I am exploring materialized views to create de-normalized view to avoid joining multiple tables for read performance. APIs will read from the materialized views to provide data to clients.

I am using amazon aurora postgres (version 11).

I am using a unique index on the materialized view (MV) so that I can use the “refresh concurrently” option.

What I am noticing though is that when only a fraction of the rows get updated in one of the source tables and I try to refresh the view, it's pretty slow. In fact slower than populating the view for the first time. e.g.: to populate MV first time takes ~30 mins, refresh is taking more than an hour. less than 1% of rows have been updated. The main three tables involved in generating the MV have ~18 million, 27 million & 40 million rows.

The timeliness of the materialized view refresh is important so that data is not stale for too long.

I could go with custom tables to store the denormalized data instead of materialized views but would have to implement logic to refresh data. So planning to avoid that if possible.

Is there anything that can be done to speed up the refresh process of the materialized views?

Please let me know if you need more details.

thanks Kiran

3 Answers 3


Refreshing a materialized view is slow even if little has changed, because every time the view is refreshed, the defining query is run.

Using CONCURRENTLY makes the operation even slower, because it is not a wholesale replacement of the materialized view contents, but modification of the existing data.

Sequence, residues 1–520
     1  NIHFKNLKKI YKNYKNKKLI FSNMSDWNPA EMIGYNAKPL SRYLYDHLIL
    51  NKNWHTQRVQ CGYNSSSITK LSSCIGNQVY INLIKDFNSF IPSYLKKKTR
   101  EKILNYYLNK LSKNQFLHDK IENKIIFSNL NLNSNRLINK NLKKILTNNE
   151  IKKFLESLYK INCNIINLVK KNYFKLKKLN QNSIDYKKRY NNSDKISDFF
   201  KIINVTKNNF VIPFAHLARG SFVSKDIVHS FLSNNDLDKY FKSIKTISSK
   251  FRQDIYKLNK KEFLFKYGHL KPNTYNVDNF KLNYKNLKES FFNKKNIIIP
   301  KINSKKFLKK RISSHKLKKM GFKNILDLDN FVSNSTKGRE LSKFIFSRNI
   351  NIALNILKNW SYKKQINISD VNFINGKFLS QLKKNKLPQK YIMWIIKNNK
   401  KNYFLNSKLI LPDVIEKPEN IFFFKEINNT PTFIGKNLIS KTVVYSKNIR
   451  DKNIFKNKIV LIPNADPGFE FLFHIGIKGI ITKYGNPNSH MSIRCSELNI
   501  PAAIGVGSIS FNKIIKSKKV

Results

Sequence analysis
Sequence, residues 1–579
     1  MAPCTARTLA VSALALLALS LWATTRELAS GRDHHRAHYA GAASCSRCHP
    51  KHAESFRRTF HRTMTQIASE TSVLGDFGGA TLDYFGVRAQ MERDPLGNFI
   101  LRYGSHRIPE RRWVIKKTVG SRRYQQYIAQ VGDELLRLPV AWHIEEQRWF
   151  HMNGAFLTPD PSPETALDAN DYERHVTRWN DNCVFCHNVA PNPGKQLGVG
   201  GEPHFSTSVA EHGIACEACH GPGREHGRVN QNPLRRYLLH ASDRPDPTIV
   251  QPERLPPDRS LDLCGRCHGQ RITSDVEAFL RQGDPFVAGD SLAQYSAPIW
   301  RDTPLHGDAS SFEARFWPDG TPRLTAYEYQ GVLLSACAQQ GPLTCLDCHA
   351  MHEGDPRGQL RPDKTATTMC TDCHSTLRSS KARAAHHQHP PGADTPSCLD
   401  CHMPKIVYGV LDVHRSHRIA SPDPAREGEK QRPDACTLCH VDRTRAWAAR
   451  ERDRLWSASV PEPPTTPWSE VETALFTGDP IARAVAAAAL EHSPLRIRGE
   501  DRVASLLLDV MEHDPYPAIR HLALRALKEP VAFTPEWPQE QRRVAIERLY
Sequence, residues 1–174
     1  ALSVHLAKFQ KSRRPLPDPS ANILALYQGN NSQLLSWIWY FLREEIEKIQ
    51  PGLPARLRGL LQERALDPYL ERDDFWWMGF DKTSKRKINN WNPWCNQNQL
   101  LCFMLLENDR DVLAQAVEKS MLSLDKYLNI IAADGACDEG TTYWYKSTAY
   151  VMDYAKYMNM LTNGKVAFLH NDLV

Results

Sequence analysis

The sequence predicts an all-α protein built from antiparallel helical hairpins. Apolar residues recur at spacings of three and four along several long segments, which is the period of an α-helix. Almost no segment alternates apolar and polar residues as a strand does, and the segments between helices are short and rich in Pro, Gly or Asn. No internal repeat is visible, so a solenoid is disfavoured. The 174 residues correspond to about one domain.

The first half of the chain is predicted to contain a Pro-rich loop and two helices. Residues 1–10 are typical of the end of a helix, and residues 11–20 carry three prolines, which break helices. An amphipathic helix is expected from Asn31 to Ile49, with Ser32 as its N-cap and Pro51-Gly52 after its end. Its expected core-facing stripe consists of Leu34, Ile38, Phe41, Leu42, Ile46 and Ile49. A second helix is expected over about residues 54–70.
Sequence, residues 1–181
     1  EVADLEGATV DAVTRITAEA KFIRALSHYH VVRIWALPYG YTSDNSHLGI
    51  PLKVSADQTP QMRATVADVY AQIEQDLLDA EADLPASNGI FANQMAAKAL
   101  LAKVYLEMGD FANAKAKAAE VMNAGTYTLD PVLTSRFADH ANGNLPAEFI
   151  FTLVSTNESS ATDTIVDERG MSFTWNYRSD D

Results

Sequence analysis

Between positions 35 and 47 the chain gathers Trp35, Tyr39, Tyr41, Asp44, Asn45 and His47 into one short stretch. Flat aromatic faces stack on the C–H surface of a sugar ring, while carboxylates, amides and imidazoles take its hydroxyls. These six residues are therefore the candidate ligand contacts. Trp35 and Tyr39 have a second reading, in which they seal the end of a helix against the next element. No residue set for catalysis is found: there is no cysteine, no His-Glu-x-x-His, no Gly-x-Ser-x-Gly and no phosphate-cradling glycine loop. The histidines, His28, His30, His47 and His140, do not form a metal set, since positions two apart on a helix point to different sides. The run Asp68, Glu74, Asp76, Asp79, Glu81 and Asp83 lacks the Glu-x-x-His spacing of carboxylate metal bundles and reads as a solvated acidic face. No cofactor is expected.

Perhaps you could create a denormalized table that is updated by a trigger whenever the underlying tables are modified.

  • 1
    thanks for the info, I am assuming you are referring to statement triggers.(postgresql.org/docs/11/…). Will explore that option. Commented Aug 14, 2020 at 5:46
  • Could be row level triggers or statement level triggers with transition tables. Commented Aug 14, 2020 at 7:43

You can create a second materialised view and update it (not concurrently), and then swap the names.to the tables in a transaction.

I actually have no idea why postgres didn't implement CONCURRENTLY this way.

  • 1
    This is done this way to not have dead tuples
    – Roman M
    Commented Jan 19, 2021 at 12:15
  • This only works if you don't have another [materialized] view selecting from the one you are replacing. The dependent views refer to the object, not the name of the object. So when you swap the names, the dependent views don't refer to the newly swapped in view. You will have to find and replace all the dependent views as well. Commented Oct 19, 2021 at 17:56

Maybe I'm a bit late to the party, but if you would be on postgres 13 or later you could try this extension: https://github.com/sraoss/pg_ivm

They have some limitations but promise much faster rebuilt times.

Here's a bit more on it from pganalyze: https://pganalyze.com/blog/5mins-postgres-15-beta1-incremental-materialized-views-pg-ivm (in contrary to project authors, they want you to be on v14 or later)

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